Tuesday 6 December 2016

Irish nanny Aisling Brady McCarthy granted bail but must remain under house arrest

Brian Byrne in Massachusetts

Published 05/05/2015 | 17:26

Aisling McCarthy Brady
Aisling McCarthy Brady

Irish nanny Aisling Brady McCarthy has been granted bail under the condition she will remain under house arrest in Massachusetts.

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The Cavan woman has been in prison since January 2013, when she was charged with killing one-year-old Rehma Sabir who was in her care.

During a bail hearing this morning it emerged that a fresh review of medical evidence by the Massachusetts State medical examiner’s office could take up to a month, and that due to scheduling conflicts from witnesses, the trial would not go ahead until at least after July 4.

Assistant District Attorney General Patrick Fitzgerald said that the defence's application to release McCarthy on bail would result in her involuntarily or voluntarily returning to Ireland.

She had been residing in the US since 2002 after overstaying a 90 day tourist visa.

Arguing against bail, Mr Fitzgerald told the Middlesex County Superior Court in Woburn, Massachusetts that McCarthy could face deportation by the federal US government despite US Immigration and Customs Enforcement stating it would retain its detainer to keep her in the country.

He added that even if she was allowed to remain in Massachusetts under the agreement she would wear a GPS bracelet to track her location, she had “no ties” in the US and would likely seek to return to Ireland to family and friends.

Mr Fitzgerald said it would be difficult to extradite her back to the US, due to “vulnerable” extradition laws between the country and Ireland.

Aisling McCarthy Brady at a previous court appearance.
Aisling McCarthy Brady at a previous court appearance.
Aisling Brady McCarthy
Aisling Brady McCarthy at a previous court hearing
Aisling McCarthy Brady

“It has only happened a handful of times. The treaty has vulnerabilities which would allow Ireland to withhold an extradition,” he said.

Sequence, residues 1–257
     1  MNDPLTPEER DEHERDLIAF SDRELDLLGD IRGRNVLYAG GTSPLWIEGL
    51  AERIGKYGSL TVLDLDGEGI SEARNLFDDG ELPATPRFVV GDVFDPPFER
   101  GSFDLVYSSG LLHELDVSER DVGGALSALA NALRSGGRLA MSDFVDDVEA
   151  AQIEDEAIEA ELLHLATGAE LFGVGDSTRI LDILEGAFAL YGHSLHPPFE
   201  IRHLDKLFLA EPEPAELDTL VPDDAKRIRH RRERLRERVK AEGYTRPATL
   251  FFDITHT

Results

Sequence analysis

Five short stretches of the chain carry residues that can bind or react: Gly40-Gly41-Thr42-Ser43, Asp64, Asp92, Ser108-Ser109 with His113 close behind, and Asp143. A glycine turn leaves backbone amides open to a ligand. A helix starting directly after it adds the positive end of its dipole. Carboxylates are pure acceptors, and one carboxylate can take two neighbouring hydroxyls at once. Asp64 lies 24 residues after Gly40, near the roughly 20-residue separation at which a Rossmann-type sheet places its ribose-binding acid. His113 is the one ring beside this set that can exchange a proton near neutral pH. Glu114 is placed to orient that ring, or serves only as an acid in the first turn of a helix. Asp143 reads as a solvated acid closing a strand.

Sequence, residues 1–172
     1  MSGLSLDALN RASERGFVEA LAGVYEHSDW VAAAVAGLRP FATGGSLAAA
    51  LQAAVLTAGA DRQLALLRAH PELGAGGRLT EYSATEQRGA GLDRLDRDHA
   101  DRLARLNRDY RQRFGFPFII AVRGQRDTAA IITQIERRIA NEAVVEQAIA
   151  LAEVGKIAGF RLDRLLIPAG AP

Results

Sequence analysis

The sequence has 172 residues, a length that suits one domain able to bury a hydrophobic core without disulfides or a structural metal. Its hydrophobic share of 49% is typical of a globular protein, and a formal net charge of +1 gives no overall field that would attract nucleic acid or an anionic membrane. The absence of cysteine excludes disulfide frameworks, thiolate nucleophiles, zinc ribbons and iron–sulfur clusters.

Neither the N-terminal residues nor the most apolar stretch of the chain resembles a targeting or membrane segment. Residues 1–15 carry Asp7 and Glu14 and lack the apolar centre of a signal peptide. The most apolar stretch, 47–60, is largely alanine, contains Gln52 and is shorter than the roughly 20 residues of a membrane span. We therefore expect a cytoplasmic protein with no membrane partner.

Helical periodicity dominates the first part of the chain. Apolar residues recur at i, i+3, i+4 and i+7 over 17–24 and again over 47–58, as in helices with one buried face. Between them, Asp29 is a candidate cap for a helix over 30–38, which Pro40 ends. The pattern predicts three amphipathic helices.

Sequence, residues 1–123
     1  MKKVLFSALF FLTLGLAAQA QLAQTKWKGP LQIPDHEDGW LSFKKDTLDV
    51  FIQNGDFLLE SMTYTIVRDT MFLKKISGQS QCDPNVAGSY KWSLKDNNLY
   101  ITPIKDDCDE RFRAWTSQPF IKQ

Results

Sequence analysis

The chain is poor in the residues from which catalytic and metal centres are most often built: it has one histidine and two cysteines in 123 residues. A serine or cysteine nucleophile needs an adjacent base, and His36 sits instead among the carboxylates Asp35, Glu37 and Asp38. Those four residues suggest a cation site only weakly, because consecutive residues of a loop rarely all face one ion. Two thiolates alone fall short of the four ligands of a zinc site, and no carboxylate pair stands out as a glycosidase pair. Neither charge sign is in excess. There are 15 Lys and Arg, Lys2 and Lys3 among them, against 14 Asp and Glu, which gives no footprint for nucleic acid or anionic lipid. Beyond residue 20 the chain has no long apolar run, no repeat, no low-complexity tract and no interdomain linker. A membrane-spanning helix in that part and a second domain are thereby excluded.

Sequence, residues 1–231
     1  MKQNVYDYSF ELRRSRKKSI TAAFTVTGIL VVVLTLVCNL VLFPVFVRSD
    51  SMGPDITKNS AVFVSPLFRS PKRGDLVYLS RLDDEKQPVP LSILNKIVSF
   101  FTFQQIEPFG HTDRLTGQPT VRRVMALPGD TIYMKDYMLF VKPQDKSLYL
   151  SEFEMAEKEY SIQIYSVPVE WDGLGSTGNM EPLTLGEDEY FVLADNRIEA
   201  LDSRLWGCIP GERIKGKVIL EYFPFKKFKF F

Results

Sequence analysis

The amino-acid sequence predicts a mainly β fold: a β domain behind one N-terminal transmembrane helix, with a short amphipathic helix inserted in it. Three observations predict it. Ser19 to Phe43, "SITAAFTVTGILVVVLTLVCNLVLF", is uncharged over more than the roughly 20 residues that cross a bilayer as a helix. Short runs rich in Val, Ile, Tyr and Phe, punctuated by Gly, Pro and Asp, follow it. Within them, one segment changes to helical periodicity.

Defence attorney Melinda Thompson had told the court the prosecution had “attacked” the Irish government by claiming it would try to “sneak her out of the country”.

Ms Thompson presented McCarthy’s passport to the court, and said she was handing it in so McCarthy would not be able to use it to return home.

She denied that McCarthy would simply be able to apply for another passport, stating that her current passport had been issued in 2010, and that the Irish government would not issue her another.

She requested that bail was set at $15,000 and said that McCarthy had her husband, sister, brothers, a “very large extended family” who had travelled to the US to support her.

“She has a place to go. She can be there in home confinement. There is no reason to believe she wants to flee. Her face is all over the papers in Ireland, so going back there is the last thing she wants to do,” Ms Thompson said.

The defence argued that bail should be granted due to a “substantial change in circumstances”.

Ms Thompson said nine medical experts from around the world had provided reports which showed that the baby was not in fact murdered, and that the toddler had suffered injuries to her spine and leg at a time when she was not under McCarthy’s care.

She also accused the prosecution of delaying the case, an allegation Mr Fitzgerald denied.

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